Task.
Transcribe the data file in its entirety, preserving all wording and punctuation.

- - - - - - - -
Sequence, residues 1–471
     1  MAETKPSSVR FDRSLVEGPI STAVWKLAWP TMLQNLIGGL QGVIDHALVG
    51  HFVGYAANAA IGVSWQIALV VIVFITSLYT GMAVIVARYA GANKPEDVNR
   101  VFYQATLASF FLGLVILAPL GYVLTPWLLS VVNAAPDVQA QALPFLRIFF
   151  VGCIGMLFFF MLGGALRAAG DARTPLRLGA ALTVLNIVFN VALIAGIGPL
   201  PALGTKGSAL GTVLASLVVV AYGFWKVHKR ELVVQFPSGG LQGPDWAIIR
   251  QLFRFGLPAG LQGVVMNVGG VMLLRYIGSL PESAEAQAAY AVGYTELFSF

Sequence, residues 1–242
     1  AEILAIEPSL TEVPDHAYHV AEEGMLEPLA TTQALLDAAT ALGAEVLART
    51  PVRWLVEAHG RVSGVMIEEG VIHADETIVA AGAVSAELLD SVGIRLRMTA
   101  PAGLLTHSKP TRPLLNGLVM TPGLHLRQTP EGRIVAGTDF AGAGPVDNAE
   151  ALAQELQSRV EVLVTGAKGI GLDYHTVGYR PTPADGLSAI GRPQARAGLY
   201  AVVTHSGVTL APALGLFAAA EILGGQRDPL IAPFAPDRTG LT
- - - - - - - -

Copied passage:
Sequence, residues 1–471
     1  MAETKPSSVR FDRSLVEGPI STAVWKLAWP TMLQNLIGGL QGVIDHALVG
    51  HFVGYAANAA IGVSWQIALV VIVFITSLYT GMAVIVARYA GANKPEDVNR
   101  VFYQATLASF FLGLVILAPL GYVLTPWLLS VVNAAPDVQA QALPFLRIFF
   151  VGCIGMLFFF MLGGALRAAG DARTPLRLGA ALTVLNIVFN VALIAGIGPL
   201  PALGTKGSAL GTVLASLVVV AYGFWKVHKR ELVVQFPSGG LQGPDWAIIR
   251  QLFRFGLPAG LQGVVMNVGG VMLLRYIGSL PESAEAQAAY AVGYTELFSF

Sequence, residues 1–242
     1  AEILAIEPSL TEVPDHAYHV AEEGMLEPLA TTQALLDAAT ALGAEVLART
    51  PVRWLVEAHG RVSGVMIEEG VIHADETIVA AGAVSAELLD SVGIRLRMTA
   101  PAGLLTHSKP TRPLLNGLVM TPGLHLRQTP EGRIVAGTDF AGAGPVDNAE
   151  ALAQELQSRV EVLVTGAKGI GLDYHTVGYR PTPADGLSAI GRPQARAGLY
   201  AVVTHSGVTL APALGLFAAA EILGGQRDPL IAPFAPDRTG LT